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Projectile Motion

  • Thread starter bphysics
  • Start date
  • #1
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Homework Statement


There are four different components to this problem. Each component is short -- so don't worry.

a. Suppose you throw a 0.4 kg ball straight upwards from a height of 1.5 m, at a speed of 4.0 m/sec. How much work have you done on the ball by accelerating it from rest to 4.0 m/s. Is this work positive or negative?

b. How high do you expect the ball to get above the ground, if there is no air resistance?

c. At what speed do you expect the ball in #5 to be going when it comes back to the height at which you threw it (1.5 m)?

d. When the ball comes back down to 1.5 m, you find that it is moving at 3.6 m/sec. You correctly surmise that you can't neglect air resistance here. How much work has "air resistance" done on the ball?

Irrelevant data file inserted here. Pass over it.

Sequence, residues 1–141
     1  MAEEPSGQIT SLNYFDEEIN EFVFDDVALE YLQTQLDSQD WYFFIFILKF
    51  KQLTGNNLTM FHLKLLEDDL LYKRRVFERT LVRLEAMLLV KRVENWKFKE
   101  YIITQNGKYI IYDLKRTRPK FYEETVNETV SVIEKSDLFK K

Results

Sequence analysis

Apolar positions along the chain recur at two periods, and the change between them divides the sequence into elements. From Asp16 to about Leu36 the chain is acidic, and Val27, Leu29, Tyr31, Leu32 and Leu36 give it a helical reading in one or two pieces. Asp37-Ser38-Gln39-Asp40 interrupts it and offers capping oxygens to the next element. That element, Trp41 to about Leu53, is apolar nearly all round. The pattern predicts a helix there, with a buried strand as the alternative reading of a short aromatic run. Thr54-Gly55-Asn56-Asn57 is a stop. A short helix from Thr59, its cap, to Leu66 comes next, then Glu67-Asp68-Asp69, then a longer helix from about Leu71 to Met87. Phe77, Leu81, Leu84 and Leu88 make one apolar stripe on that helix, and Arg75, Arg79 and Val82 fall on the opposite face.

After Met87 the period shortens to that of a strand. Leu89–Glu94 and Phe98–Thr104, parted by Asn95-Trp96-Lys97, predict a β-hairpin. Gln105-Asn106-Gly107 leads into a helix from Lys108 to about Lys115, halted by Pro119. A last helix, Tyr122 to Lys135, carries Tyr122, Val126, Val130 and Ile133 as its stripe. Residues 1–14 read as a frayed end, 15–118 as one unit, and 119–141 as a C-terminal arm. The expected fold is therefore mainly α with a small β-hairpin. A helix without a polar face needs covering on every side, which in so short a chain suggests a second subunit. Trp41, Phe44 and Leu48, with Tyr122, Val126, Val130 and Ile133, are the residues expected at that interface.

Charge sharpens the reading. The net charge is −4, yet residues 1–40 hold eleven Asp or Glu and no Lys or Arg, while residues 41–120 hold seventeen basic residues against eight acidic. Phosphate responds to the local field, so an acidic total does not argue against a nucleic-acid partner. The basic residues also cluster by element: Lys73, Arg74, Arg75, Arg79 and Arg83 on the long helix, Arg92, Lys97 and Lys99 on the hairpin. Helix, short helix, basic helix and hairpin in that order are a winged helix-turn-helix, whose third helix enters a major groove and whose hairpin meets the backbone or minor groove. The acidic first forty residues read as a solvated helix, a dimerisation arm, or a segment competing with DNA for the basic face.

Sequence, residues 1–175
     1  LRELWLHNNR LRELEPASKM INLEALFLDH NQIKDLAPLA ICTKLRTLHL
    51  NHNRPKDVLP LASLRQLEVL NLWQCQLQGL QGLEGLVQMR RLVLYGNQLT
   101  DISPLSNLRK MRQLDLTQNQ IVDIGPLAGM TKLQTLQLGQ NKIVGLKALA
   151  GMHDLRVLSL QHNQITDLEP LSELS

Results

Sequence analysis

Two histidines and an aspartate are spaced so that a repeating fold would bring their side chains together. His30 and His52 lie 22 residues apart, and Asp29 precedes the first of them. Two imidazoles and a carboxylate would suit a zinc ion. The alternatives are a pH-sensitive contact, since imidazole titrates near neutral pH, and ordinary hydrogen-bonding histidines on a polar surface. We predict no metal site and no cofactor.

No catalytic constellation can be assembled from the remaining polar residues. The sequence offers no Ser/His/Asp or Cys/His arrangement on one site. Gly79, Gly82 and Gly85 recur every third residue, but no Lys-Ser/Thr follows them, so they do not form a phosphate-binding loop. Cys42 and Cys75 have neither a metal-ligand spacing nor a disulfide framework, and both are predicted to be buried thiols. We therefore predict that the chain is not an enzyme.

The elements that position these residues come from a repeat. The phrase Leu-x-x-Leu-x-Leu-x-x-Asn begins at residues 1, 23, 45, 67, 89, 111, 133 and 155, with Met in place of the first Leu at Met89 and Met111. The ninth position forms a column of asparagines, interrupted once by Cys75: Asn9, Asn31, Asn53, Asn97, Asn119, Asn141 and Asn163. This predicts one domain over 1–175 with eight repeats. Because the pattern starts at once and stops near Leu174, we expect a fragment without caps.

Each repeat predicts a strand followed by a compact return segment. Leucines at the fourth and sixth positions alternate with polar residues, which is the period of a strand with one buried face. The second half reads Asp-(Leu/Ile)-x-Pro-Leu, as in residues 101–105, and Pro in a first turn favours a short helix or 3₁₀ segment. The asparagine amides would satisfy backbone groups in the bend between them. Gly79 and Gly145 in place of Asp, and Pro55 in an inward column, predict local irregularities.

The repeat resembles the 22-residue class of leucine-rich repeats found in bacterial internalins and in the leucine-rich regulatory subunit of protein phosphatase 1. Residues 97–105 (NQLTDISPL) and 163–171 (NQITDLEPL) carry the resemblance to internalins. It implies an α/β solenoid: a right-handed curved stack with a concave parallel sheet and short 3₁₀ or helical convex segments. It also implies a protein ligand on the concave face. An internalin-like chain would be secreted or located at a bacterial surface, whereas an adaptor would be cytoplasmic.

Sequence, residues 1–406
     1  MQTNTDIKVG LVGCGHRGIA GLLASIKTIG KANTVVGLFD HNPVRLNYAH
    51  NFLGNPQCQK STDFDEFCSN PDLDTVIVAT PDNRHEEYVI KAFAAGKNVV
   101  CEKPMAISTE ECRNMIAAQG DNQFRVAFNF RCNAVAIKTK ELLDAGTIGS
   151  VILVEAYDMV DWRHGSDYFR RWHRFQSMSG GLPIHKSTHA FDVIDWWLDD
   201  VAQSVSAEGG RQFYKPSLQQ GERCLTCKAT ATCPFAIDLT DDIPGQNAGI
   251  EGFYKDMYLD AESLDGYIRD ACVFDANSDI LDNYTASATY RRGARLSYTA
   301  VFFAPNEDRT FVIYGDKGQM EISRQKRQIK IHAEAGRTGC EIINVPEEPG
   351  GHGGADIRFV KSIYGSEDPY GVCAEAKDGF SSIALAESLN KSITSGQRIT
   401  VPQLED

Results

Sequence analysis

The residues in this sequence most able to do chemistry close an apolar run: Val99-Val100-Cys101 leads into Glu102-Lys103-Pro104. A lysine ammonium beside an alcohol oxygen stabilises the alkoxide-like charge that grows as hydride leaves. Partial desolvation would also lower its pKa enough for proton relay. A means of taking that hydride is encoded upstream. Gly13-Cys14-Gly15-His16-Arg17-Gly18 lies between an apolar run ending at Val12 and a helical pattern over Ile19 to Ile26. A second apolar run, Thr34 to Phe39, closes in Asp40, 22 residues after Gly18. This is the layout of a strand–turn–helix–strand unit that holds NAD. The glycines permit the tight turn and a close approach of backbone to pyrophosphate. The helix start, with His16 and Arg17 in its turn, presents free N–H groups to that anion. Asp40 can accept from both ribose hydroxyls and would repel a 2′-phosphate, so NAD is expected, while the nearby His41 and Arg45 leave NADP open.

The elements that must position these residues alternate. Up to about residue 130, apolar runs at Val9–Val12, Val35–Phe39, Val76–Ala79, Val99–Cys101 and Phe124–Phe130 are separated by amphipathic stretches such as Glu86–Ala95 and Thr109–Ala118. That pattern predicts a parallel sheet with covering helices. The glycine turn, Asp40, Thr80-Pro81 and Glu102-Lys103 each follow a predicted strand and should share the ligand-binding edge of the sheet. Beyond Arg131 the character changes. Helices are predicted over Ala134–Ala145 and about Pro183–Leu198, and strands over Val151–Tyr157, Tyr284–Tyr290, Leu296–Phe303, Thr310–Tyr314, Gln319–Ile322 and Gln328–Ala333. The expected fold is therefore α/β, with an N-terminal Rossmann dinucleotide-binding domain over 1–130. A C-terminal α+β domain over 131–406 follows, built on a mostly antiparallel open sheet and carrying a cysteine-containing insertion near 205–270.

Homework Equations



x = x0 + voxt + (1/2)(axt2
v2x = v20x + 2ax (x - x0)
vx = vox + axt
WTOT = K2 - K1


The Attempt at a Solution



a. WTOT = K2 - K1
(1/2)(m)(v2) = K
(1/2)(0.4)(4.0) = 3.2 J = K2.
K1 = 0 (initial velocity is zero)

WTOT = 3.2 J

b. vx = vox + axt
0 = (4.0) + (-9.8)(t)
-4.0 = (-9.8)(t)
-4.0 / -9.8 = t = .408

My thinking here is that when the ball reaches its maximum height, the velocity is zero.

x = x0 + voxt + (1/2)(axt2
x = 1.5 + (4.0)(.408) + (1/2)(-9.8)(.408)2
x = 2.3163

c. I'm pretty sure this is just plain wrong. Not sure why, but I have that feeling.

x = x0 + voxt + (1/2)(axt2
1.5 = 2.3163 + 0 + (1/2)(9.8)(t2)
t = .408 (time to go up that distance is the same as the time to go down??)

vx = vox + axt
vx = 0 + (9.8)(.408)2 = 1.63 m/s

d. I know I've screwed up already before. If the ball is moving at 3.6 m/s when it is coming back down WITH air resistance, thats already a bad sign.
 

Answers and Replies

  • #2
12
0
vx = vox + axt
vx = 0 + (9.8)(.408)2 = 1.63 m/s
You shouldn't have squared the time there. Intuition would also tell you it will come back down at 4ms at that point-1
 
  • #3
Redbelly98
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(a) and (b) look good. And as Jiacao said, don't square the 0.408 s for part (c), and you'll be in good shape there.

FYI, for both (b) and (c) you could have used
v2 = v02 + 2a(x - x0)​

Then you don't need t.
 

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